The Big Issue has teamed up with science teacher, writer and film-maker Alom Shaha for part of The Big Issue Summer Survival Guide. Every week, alongside other tips and tricks, we’ll share a new, fun and free holiday activity for parents taken from the book Mr Shaha’s Marvellous Machines. Here he explains why making toys and gadgets from materials around the house can bring such joy.
I was born in a little village in Sylhet, Bangladesh. Back in 1973, there was no electricity or running water, but there were lots of wide-open spaces to run around in, a massive pond to swim in, and no shortage of ways for a child like me to have fun.
My family grew most of their own food and made lots of the everyday things they needed for themselves, including clothes, baskets, toothbrushes, and hand fans for keeping them cool. They had to know how to make, mend, and maintain a lot of things, because they didn’t have the convenience of supermarkets or the internet. Of course, they had to buy some things, like medicines and the cast-iron water pump at the bottom of the hill, but they were experts at recycling and re-using things like glass bottles and plastic bags, which they couldn’t make for themselves.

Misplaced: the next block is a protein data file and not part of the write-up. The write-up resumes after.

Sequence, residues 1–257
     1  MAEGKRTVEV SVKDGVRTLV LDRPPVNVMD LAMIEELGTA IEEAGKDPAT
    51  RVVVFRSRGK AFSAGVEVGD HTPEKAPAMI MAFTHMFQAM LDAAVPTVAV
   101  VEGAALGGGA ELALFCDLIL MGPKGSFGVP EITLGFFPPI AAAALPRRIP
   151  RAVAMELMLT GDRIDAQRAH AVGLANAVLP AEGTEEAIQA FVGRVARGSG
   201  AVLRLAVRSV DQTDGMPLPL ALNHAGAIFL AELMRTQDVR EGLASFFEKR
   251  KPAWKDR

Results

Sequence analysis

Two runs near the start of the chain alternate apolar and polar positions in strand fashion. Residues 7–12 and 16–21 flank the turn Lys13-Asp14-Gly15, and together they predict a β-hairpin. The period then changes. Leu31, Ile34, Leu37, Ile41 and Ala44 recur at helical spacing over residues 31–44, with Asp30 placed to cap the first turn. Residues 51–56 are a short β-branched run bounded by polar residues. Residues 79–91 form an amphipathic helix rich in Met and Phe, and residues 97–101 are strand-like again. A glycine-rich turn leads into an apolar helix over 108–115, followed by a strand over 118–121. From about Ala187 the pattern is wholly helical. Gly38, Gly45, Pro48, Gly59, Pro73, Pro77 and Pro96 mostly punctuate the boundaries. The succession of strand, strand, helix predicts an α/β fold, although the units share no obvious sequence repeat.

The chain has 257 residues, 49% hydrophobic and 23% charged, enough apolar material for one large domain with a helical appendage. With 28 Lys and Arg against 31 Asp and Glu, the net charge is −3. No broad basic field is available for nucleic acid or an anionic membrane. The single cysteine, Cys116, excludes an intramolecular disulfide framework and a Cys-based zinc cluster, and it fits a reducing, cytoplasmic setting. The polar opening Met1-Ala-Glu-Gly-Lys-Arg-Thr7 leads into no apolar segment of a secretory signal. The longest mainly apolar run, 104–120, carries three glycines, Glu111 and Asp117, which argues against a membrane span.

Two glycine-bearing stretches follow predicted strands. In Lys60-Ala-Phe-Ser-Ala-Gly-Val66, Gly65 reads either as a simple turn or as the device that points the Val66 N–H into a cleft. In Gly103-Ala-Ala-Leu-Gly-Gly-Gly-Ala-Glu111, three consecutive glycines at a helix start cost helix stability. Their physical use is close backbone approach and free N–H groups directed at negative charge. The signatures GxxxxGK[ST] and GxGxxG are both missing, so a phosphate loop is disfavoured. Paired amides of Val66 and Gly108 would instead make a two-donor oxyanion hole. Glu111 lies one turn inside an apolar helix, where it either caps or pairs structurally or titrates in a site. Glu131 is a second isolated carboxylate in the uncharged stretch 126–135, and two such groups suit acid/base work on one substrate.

When I came to England, I missed my grandparents, aunties, uncles, and cousins. But I also missed some of the delicious fruits that used to be abundant, like mangoes, jackfruits, and boroi, a small berry that was deliciously sour when dried.
My favourite fruit is the lychee, and once we came to England, it was a real treat to have just three or four of the small, fragrant, juicy fruits a year. I remember going back to Bangladesh as a ten-year-old and feeling like I’d won the lottery when someone handed me a whole bunch of lychees straight from a tree. There’s another reason why I love lychees — they always remind me of an older cousin who showed me something amazing to do with them after eating the flesh.
He took one of the seeds from the lychees we had just eaten, and using a hammer and a nail, he carefully made a small, deep hole in the top of it. He then took a matchstick and pushed it into the hole so that it stuck firmly. Finally, he gripped the matchstick between his thumb and forefinger and gave it a quick flick, setting the seed whizzing around on the table. He had made a spinning top and shown me my first home-made toy.